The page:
I love to work out and have coffee with my friends at the Wheaton Sport Center. I enjoy wine and food! In the summer, I grow herbs and flowers. I also enjoy traveling to spend time with family and friends. Last year I traveled to Paris to visit Dr. Alan Savage, and a few years before that I traveled to Spain to visit my friend who is in ministry outside of Madrid. This summer, I traveled to an exotic location — Red Wing, Minnesota where I saw the largest boot in the world!

Favorite quote:

“Be kind, for everyone you meet is facing a great battle.” Philo of Alexandria

How can people get involved in the ministries you lead?

In terms of nursery, it is vital to provide a safe place for our smallest Friends of the Savior at our church. Since I work in my practice with so many who were not kept safe as children, this ministry has a special place in my heart. So, I coordinate the schedule for our nursery workers and have responsibilities to maintain safety practices for childcare at Savior. We are always searching for additional folks to help with childcare.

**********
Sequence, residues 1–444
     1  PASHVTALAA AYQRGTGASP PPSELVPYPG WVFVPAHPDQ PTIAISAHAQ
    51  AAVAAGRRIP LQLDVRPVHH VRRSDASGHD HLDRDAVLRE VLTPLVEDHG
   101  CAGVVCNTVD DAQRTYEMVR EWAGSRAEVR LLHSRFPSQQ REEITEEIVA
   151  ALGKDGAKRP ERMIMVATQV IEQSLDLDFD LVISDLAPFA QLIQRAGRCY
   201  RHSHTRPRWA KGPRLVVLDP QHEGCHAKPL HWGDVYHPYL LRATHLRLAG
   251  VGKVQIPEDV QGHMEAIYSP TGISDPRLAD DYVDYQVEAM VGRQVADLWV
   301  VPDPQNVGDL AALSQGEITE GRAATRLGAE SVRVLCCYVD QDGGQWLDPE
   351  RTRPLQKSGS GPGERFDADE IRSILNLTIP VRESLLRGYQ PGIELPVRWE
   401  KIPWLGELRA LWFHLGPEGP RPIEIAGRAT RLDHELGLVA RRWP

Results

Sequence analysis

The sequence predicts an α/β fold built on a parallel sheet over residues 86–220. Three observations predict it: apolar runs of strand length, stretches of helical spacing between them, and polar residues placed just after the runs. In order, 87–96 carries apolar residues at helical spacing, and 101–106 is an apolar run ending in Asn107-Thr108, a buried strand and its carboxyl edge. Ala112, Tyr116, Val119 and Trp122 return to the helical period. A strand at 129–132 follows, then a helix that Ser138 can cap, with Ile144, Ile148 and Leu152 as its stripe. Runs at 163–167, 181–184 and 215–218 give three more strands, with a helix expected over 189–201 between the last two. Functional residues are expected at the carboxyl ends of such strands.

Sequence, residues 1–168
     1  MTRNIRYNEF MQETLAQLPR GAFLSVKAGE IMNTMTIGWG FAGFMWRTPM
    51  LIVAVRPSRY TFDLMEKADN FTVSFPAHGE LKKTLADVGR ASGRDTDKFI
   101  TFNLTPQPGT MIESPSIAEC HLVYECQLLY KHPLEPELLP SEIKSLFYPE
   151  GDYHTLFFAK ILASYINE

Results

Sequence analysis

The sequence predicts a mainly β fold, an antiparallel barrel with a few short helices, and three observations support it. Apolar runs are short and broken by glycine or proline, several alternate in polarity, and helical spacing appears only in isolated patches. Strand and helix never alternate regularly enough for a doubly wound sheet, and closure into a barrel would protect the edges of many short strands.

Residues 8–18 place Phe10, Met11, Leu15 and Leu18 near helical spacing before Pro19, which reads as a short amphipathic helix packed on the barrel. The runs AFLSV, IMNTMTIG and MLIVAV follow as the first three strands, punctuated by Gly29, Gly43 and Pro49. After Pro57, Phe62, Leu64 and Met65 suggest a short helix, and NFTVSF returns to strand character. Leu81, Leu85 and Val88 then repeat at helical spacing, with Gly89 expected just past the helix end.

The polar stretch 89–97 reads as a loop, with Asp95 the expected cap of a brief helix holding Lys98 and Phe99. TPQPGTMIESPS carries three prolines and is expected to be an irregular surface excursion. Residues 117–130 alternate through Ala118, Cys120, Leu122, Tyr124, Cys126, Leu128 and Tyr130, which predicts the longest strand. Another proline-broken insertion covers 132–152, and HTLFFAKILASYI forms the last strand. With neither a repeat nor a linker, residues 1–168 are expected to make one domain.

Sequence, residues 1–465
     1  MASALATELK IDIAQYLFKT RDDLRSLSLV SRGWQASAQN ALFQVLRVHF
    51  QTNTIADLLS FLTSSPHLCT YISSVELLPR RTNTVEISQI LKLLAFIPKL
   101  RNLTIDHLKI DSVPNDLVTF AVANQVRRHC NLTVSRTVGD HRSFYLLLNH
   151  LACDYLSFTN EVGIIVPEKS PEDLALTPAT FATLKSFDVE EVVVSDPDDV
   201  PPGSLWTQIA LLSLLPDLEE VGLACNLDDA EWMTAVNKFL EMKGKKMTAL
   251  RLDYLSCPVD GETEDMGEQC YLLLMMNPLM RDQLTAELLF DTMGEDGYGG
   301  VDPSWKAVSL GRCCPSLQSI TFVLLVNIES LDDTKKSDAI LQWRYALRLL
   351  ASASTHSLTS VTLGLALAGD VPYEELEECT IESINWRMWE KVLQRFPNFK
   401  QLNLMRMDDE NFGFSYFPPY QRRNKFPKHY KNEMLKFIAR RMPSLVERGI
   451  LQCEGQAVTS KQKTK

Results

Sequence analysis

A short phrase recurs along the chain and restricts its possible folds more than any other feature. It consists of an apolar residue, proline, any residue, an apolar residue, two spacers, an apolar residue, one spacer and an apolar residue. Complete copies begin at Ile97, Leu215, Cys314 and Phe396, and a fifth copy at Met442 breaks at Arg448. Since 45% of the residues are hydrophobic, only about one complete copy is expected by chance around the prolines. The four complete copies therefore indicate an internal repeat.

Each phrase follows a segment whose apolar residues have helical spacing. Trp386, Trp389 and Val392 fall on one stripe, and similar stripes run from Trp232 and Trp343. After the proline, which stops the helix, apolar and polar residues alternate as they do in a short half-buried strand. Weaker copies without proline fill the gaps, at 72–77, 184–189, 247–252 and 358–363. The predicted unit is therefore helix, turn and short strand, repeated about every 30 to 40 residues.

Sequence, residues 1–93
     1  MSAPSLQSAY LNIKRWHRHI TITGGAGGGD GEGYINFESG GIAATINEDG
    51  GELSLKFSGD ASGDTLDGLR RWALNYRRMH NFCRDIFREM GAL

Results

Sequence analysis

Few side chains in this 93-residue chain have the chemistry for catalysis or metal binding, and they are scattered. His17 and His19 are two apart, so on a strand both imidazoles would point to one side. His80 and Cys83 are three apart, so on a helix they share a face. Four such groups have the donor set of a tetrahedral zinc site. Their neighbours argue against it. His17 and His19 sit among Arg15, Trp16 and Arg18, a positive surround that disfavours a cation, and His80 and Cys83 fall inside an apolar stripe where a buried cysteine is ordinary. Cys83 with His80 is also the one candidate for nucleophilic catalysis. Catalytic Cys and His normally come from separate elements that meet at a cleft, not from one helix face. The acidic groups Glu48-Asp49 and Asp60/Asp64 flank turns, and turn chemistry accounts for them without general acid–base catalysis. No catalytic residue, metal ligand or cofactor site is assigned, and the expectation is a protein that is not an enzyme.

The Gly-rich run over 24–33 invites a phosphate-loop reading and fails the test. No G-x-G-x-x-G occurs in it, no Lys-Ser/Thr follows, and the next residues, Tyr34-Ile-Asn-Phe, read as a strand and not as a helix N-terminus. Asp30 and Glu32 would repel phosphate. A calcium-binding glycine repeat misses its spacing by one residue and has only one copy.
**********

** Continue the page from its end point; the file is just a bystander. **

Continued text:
The Prayers of the People are an opportunity to lead our parish in praying for our church and our world. It is my job to gather the concerns, requests, and needs of our people and compile them into a prayer for each Saturday service. If anyone is interested in leading the prayers, I would welcome more participation.

Our Women’s prayer group has met for about 10 years, one Sunday morning a month. We have about a dozen women who join in my living room to study Christian writings and scripture, and to support each other in prayer. Every fall, we retreat together to enhance our spiritual lives and deepen our friendship connection. This group is open to more members who are interested. 

If anyone is interested in any of these ministries, please contact me at

Word from Father Kevin & Mother Karen

As we near Thanksgiving, Karen and I feel especially thankful for all of you.

 Our C4SO dean, Patrick Wildman, commented recently, “I tell our younger pastors, ‘Look for a church that not only wants to be cared for by you, but that is willing to care for you when you need it.”  We have found that at Savior.  A healthy church has a kind of mutuality, the give-and-take that you see in a strong family. 

 Last month I was telling a friend, who’s worked for years on church staffs, about how well the people of Savior have cared for Karen and me during her long stretch of pain and surgeries. He said in reply, “I’ve been on staff at two churches, and I’ve never gotten what you’re talking about.”

 Thank you for your care for us.